"Can't get out?" I exclaimed. "What do you mean?"

"Why, he's up there at Tegucigalpa himself," said Aiken. "Didn't you know that? He's up at the capital, visiting Alvarez. He came in through this port about two weeks ago."

"Joseph Fiske is fighting in a Hondurian revolution?" I exclaimed.

"Certainly not!" cried Aiken. "He's here on a pleasure trip; partly pleasure, partly business. He came here on his yacht. You can see her from the window, lying to the left of the buoy. Fiske has nothing to do with this row. I don't suppose he knows there's a revolution going on."

I resented this pretended lack of interest on the part of the Wall Street banker. I condemned it as a piece of absurd affectation.

"Don't you believe it!" I said. "No matter how many millions a man has, he doesn't stand to lose $500,000 without taking an interest in it."

"Oh, but he doesn't know about _that_," said Aiken. "He doesn't know the ins and outs of the story--what I've been telling you. That's on the inside--that's cafe scandal. That side of it would never reach him. I suppose Joe Fiske is president of a _dozen steamship lines, and all he does is to lend his name to this one, and preside at board meetings. The company's lawyers tell him whatever they think he ought to know. They probably say they're having trouble down here owing to one of the local revolutions, and that Garcia is trying to blackmail them."

"Then you don't think Fiske came down here about this?" I asked.

"About this?" repeated Aiken, in a tone of such contempt that I disliked him intensely. For the last half hour Aiken had been jumping unfeelingly on all my ideals and illusions.

"No," he went on. "He came here on his yacht on a pleasure trip around the West India Islands, and he rode in from here to look over the Copan Silver Mines. Alvarez is terribly keen to get rid of him. He's afraid the revolutionists will catch him and hold him for ransom. He'd bring a good price," Aiken added, reflectively. "It's enough to make a man turn brigand. And his daughter, too. She'd bring a good price."

"His daughter!" I exclaimed.

Aiken squeezed the tips of his fingers together, and kissed them, tossing the imaginary kiss up toward the roof. Then he drank what was left of his rum and water at a gulp and lifted the empty glass high in the air. "To the daughter," he said.

It was no concern of mine, but I resented his actions exceedingly. I think I was annoyed that he should have seen the young lady while I had not. I also resented his toasting her before a stranger. I knew he could not have met her, and his pretence of enthusiasm made him appear quite ridiculous. He looked at me mournfully, shaking his head as though it were impossible for him to give me an idea of her.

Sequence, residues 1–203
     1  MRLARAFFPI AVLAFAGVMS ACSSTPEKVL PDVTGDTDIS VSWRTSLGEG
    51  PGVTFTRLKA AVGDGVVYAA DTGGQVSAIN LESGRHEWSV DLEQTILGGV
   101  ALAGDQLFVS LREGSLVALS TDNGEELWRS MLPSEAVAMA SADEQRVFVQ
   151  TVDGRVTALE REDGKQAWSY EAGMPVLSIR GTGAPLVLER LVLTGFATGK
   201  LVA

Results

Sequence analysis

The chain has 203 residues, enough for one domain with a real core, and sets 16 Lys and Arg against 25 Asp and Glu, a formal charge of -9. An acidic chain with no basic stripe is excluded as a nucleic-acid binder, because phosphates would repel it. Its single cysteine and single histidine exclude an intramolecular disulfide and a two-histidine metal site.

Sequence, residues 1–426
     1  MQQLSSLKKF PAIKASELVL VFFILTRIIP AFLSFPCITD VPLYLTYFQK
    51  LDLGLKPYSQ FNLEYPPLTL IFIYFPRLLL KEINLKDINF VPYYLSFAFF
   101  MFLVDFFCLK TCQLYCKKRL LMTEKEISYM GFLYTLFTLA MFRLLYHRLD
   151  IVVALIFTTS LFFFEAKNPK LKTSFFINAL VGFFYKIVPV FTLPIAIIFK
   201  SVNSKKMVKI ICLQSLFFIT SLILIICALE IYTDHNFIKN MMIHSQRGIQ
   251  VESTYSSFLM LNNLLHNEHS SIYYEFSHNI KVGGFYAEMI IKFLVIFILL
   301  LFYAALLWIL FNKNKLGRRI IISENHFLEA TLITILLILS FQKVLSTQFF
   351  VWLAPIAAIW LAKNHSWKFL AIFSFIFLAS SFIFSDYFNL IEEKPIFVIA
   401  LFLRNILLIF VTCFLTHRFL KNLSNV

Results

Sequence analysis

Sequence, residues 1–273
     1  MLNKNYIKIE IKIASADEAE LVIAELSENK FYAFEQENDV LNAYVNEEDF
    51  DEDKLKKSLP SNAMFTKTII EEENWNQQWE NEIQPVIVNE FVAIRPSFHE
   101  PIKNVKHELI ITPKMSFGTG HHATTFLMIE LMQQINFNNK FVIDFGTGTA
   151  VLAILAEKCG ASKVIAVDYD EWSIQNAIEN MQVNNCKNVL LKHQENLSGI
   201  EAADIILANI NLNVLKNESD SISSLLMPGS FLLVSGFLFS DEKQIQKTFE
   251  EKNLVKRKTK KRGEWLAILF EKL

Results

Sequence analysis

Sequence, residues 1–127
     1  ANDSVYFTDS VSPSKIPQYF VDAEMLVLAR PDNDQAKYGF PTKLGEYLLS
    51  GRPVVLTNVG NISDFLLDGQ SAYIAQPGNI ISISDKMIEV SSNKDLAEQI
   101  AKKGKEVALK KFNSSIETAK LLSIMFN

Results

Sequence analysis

"Why they say," he exclaimed, "that when she rides along the trail, the native women kneel beside it.

"She's the best looking girl I ever saw," he declared, "and she's a thoroughbred too!" he added, "or she wouldn't have stuck it out in this country when she had a clean yacht to fall back on. She's been riding around on a mule, so they tell me, along with her father and the engineering experts, and just as though she enjoyed it. The men up at the mines say she tired them all out."

I had no desire to discuss the young lady with Aiken, so I pretended not to be interested, and he ceased speaking, and we smoked in silence. But my mind was nevertheless wide awake to what he had told me. I could not help but see the dramatic values which had been given to the situation by the presence of this young lady. The possibilities were tremendous. Here was I, fighting against her father, and here was she, beautiful and an heiress to many millions. In the short space of a few seconds I had pictured myself rescuing her from brigands, denouncing her father for not paying his honest debt to Honduras, had been shot down by his escort, Miss Fiske had bandaged my wounds, and I was returning North as her prospective husband on my prospective father-in-law's yacht. Aiken aroused me from this by rising to his feet. "Now then," he said, briskly, "if you want to go to Laguerre you can come with me. I've got to see him to explain why his guns haven't arrived, and I'll take you with me." He made a wry face and laughed. "A nice welcome he'll give me," he said. I jumped to my feet. "There's my trunk," I said; "it's ready, and so am I. When do we start?"

"As soon as it is moonlight," Aiken answered.